Wasco County, Oregon
Wasco County is a county in the U.S. state of Oregon. As of the 2010 census, the population was 25,213. Its county seat is The Dalles. The county is named for a local tribe of Native Americans, the Wasco, a Chinook tribe who live on the south side of the Columbia River.
|Wasco County, Oregon|
Wasco County Courthouse in The Dalles
Location within the U.S. state of Oregon
Oregon's location within the U.S.
|Founded||January 11, 1854|
|Largest city||The Dalles|
|• Total||2,395 sq mi (6,203 km2)|
|• Land||2,382 sq mi (6,169 km2)|
|• Water||14 sq mi (36 km2), 0.6%|
|• Density||11/sq mi (4/km2)|
|Time zone||Pacific: UTC−8/−7|
Wasco County comprises The Dalles Micropolitan Statistical Area.
Celilo Falls on the Columbia River served as a gathering place and major trading center for the local Native Americans, including the Wasco, Paiute, and Warm Springs tribes, for thousands of years. These rapids came to be named Les Grandes Dalles de la Columbia or "The Great Falls of the Columbia" by the French Canadian fur traders.
The Dalles initially served as a way station on the Oregon Trail as it approached the Willamette Valley. The construction of the Barlow Road over the Cascade Range in 1845, and the Donation Land Claim Act of 1850 encouraged families to settle in the area. Over the following years, Wasco County was a major transportation hub for both river and inland traffic.
The Oregon Territorial Legislature created Wasco County on January 11, 1854, from the parts of Clackamas, Lane, Linn and Marion counties, that were east of the Cascade Range. At the time of its creation, it was the largest county in the United States, consisting of 130,000 square miles (340,000 km2) that stretched clear to the Rocky Mountains. Its northern border was the Washington Territory line (the Columbia River). When Dakota Territory (including present-day Wyoming) was created in 1861, Idaho Territory in 1863, and Montana Territory in 1864, the parts of Wasco County east of the present Oregon boundaries were ceded to those territories. Other Oregon counties were split away, and Wasco was reduced to its current size.
|Dates of Secession of Other Eastern Oregon Counties|
The Dalles was designated the county seat with the creation of the county, and has been its only location.
The river traffic on the Columbia River was profoundly affected in 1935 by the building of Bonneville Dam in Multnomah County and by The Dalles Dam in 1957 in Wasco County (which submerged Celilo Falls).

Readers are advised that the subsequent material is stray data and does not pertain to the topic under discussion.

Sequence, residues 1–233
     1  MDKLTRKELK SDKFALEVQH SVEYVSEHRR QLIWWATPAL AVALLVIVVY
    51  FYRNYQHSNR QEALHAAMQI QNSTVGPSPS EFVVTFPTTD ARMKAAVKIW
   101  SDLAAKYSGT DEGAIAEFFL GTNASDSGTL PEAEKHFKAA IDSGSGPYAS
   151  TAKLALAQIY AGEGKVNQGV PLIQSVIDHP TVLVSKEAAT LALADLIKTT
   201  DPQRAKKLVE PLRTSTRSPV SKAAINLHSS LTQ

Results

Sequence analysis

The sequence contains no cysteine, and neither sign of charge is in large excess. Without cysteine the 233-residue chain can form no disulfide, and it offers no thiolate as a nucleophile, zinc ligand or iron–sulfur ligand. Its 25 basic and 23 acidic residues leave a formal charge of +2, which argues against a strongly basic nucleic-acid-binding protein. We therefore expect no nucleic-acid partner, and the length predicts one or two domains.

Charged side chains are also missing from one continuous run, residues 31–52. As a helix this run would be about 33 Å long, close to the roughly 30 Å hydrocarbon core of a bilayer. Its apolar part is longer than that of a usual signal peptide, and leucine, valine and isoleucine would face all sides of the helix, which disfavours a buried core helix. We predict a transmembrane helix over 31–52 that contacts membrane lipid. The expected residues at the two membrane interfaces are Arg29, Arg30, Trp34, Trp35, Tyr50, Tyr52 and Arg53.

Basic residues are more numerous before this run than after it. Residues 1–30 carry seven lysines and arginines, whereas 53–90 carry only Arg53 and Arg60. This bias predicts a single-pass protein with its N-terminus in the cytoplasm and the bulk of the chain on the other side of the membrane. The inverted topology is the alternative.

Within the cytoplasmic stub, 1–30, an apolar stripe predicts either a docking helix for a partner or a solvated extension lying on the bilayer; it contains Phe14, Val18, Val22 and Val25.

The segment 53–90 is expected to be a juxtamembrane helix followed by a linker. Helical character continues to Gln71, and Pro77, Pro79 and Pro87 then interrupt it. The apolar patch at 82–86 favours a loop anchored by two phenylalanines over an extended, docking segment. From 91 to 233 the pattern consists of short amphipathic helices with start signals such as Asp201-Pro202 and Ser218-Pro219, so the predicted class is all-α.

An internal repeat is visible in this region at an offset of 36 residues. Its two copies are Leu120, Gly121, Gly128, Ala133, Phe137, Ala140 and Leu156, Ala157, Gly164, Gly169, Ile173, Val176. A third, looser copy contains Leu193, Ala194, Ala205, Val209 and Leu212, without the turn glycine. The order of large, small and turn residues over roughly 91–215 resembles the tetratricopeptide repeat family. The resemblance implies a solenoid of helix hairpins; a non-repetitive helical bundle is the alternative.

Wasco County attracted international attention in the 1980s, when Bhagwan Shree Rajneesh went to the United States and settled for several years at a marginal ranch called "The Big Muddy", but later known as Rajneeshpuram. Disagreements over zoning rules and building codes in the beginning continued to escalate between not only his followers and the inhabitants of Wasco County, but eventually with the rest of the state. His followers, known as Rajneeshees, settled en bloc in Antelope, Oregon and were able to elect a majority of the town councillors. Acerbic, if not hostile comments by his spokeswoman, Ma Anand Sheela, only increased tensions, and were not helped by Rajneesh's vow of silence. When the Rajneeshees subsequently recruited homeless people from across the United States to settle at Rajneeshpuram, it was widely seen as an attempt to use the ballot box to seize control of the county. But perhaps the most bizarre turn of events was when an outbreak of salmonella in salad bars at ten restaurants in The Dalles was traced to the acts of his followers. About this time, Sheela was removed from her post in Rajneesh's service.
This chapter in the county's history finally ended in 1985, when Rajneesh was arrested as he was fleeing the U.S. On October 23, 1985, a federal grand jury in Portland had secretly indicted Rajneesh, Sheela, and six other of his followers for immigration crimes. Two days later, a Wasco County grand jury returned indictments against Sheela and two others, charging them with the attempted murder of Swami Devaraj, Rajneesh's personal doctor. Rajneesh entered an Alford plea and was given a suspended sentence on condition that he leave the country.